Recent Persons


Jonas Lund is an Amsterdam based artist. His work explores the performance of time within networked systems and our shared online experiences. His interest stretches across a range of interdisciplinary media, focusing on the reciprocal potential of combining web based works with video, performance and installation. Born in Sweden, Jonas graduated from the Gerrit Rietveld Academie in 2009 and is currently pursuing a master at the Piet Zwart Institute in Rotterdam, NL.

His latest projects include The, Selfsurfing and an attempt to break the Guiness World Book Of Records of most comments on a Facebook post.


Jonathan Minard is a new-media documentarian with a background in anthropology. His work follows cultural shifts at the frontiers of technology and art, and develops new cinematic techniques for crafting stories of invention and discovery.

His most recent projects explore culture through data. Clouds, a computational documentary in collaboration with James George, engages an international community of media artists in conversation about networked creativity, digital art and code.

At Eyebeam, Jonathan is researching the future of long-term digital storage, looking at the history of the Internet and attempts to archive its contents on a massive scale: from’s Wayback Machine, to Amazon’s Glacier. The Archive documentary takes a deeper look at humanity’s dependence on digital memory, how we choose what collections of information, cultural artifacts and artworks to preserve for future generations, and the risks of digital obsolescence from both a personal and global perspective.



Jonathan Vingiano is an American computer programmer, media artist and a founding partner of OKFocus – a creative agency based in New York City. His work explores human-computer interaction and internet culture. He has exhibited internationally at venues such as Axiom (Boston 2009), Boston CyberArts Festival (Boston 2009), Berkeley Art Museum (Berkeley 2011), Blip Festival (Brooklyn 2009), Royal College of Art (London 2012), Showroom MAMA (Rotterdam 2011), Today's Art Festival (Brussels 2011). His work has been featured in Advertising Age, BBC, The Creators Project, Fast Company, Forbes, Financial Times, Los Angeles Times, The New Yorker, The New York Times, The Wall Street Journal and The Village Voice.


Anton Marini (vade) is a video performance artist, programmer and video engineer. His artwork focuses on improvisation and realtime manipulation of video. He plays, bends, rips, tears, shreds, morphs, molds, glitches and synthesizes pixels to form new visual experiences.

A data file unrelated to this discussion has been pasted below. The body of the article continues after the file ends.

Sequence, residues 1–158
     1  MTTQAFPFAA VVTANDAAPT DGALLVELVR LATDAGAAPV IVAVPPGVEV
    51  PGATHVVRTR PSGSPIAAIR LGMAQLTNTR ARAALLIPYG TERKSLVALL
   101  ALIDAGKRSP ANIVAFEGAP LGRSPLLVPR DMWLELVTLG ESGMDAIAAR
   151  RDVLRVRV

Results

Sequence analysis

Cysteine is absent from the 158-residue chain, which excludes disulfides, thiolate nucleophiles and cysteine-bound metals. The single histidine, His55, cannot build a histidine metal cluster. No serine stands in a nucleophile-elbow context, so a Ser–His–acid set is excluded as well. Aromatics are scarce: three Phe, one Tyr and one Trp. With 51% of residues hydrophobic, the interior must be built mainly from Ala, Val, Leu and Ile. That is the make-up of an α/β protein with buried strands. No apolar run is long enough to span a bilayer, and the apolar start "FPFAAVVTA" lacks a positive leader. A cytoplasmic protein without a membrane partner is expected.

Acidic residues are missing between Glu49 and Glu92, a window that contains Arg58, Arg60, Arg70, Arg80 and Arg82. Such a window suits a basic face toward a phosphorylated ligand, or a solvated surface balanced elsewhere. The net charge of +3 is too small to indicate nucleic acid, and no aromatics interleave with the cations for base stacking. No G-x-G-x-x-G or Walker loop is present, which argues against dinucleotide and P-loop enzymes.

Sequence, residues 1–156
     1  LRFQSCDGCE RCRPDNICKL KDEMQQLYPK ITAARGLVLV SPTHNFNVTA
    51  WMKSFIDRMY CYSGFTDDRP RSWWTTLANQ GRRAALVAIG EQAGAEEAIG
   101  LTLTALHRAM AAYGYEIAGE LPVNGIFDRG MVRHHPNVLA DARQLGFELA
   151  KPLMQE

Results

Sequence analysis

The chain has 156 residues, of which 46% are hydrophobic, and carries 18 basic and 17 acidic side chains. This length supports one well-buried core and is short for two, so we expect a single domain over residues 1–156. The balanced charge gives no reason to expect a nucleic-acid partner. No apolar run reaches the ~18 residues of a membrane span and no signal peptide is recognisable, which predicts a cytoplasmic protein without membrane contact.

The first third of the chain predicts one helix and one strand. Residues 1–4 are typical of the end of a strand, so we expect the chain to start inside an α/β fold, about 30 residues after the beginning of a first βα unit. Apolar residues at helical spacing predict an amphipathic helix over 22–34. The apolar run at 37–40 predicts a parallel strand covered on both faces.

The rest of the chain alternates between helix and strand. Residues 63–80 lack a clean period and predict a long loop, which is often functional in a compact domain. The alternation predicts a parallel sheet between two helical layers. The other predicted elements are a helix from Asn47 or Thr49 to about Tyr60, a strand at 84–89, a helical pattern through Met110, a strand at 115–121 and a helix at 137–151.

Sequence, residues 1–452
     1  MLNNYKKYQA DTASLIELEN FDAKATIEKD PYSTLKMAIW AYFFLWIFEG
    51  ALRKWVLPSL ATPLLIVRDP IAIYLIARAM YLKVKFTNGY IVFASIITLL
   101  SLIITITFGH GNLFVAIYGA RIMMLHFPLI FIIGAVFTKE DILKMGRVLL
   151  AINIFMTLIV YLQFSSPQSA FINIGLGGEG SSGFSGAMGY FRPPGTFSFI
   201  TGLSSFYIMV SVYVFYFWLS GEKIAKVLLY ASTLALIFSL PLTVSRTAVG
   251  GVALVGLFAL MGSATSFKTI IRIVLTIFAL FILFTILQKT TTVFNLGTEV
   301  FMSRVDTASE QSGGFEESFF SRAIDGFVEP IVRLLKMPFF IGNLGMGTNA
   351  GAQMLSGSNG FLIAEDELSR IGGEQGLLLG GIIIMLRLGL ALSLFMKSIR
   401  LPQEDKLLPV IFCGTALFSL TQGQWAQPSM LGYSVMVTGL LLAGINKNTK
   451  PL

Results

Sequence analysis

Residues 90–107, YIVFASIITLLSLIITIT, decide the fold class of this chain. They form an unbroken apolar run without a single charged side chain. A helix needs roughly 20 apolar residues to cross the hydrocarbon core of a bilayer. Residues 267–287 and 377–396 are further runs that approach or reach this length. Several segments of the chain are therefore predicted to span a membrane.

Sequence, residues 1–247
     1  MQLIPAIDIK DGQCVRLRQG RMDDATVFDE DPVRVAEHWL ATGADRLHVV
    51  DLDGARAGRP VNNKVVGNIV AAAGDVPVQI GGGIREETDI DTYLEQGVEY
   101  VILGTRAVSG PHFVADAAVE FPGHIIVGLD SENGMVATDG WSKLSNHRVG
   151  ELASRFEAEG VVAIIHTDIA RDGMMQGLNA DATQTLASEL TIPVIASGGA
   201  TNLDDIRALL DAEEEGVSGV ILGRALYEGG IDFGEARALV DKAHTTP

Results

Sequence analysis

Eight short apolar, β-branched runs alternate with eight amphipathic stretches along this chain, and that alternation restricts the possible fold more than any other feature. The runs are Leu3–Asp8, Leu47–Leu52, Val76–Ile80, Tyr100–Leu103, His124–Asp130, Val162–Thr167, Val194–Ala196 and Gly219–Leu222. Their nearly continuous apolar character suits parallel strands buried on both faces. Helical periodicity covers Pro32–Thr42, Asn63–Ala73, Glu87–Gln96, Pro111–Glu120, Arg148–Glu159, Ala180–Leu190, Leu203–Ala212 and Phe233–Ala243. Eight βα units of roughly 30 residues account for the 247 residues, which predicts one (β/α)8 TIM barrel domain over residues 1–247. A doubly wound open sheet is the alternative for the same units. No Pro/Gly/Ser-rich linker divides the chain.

A former researcher in residence at NYU's Brooklyn Experimental Media Center, he has taught at Parsons/New School Design and Technology Department and performed at many new media and video festivals around the world. He also designs open source tools to help facilitate the video performance medium.


Alexander Porter is an experimental photographer exploring visual documentation. He brings an adoration of photographic traditions to new imaging techniques.

Alexander is a member of the team behind the RGBDToolkit, a hybrid cinema process for creating cinematic imagery with commercially available depth sensors. He has been facilitating access to this technique by teaching workshops internationally, designing open source tools for public engagement, and directing experimental films.

Alexander's photographs have appeared in various newspapers and magazines internationally. He has photographed everything from archeological artifacts to supermodels. He holds a BA in Media Studies from The New School University focusing on media theory and photojournalism.


Julia Kaganskiy is currently global editor of The Creators Project, an international arts initiative from VICE and Intel dedicated to showcasing the ways technology is enabling creativity in all its forms. 

She's the founder of New York Times-acclaimed #ArtsTech meetup, a monthly event series exploring the intersection of art and technology. 

She's also co-founder of Blue Box Gallery, a pop-up gallery dedicated to bringing New Media Art to a rotating host of alternative urban spaces. 

Julia is passionate about technology's potential as an artistic medium as well as its ability to increase access to and engagement with the arts. 

In 2011, Julia was named one of Fast Company's Most Influential Women in Technology and a finalist for the World Technology Network award in the Arts.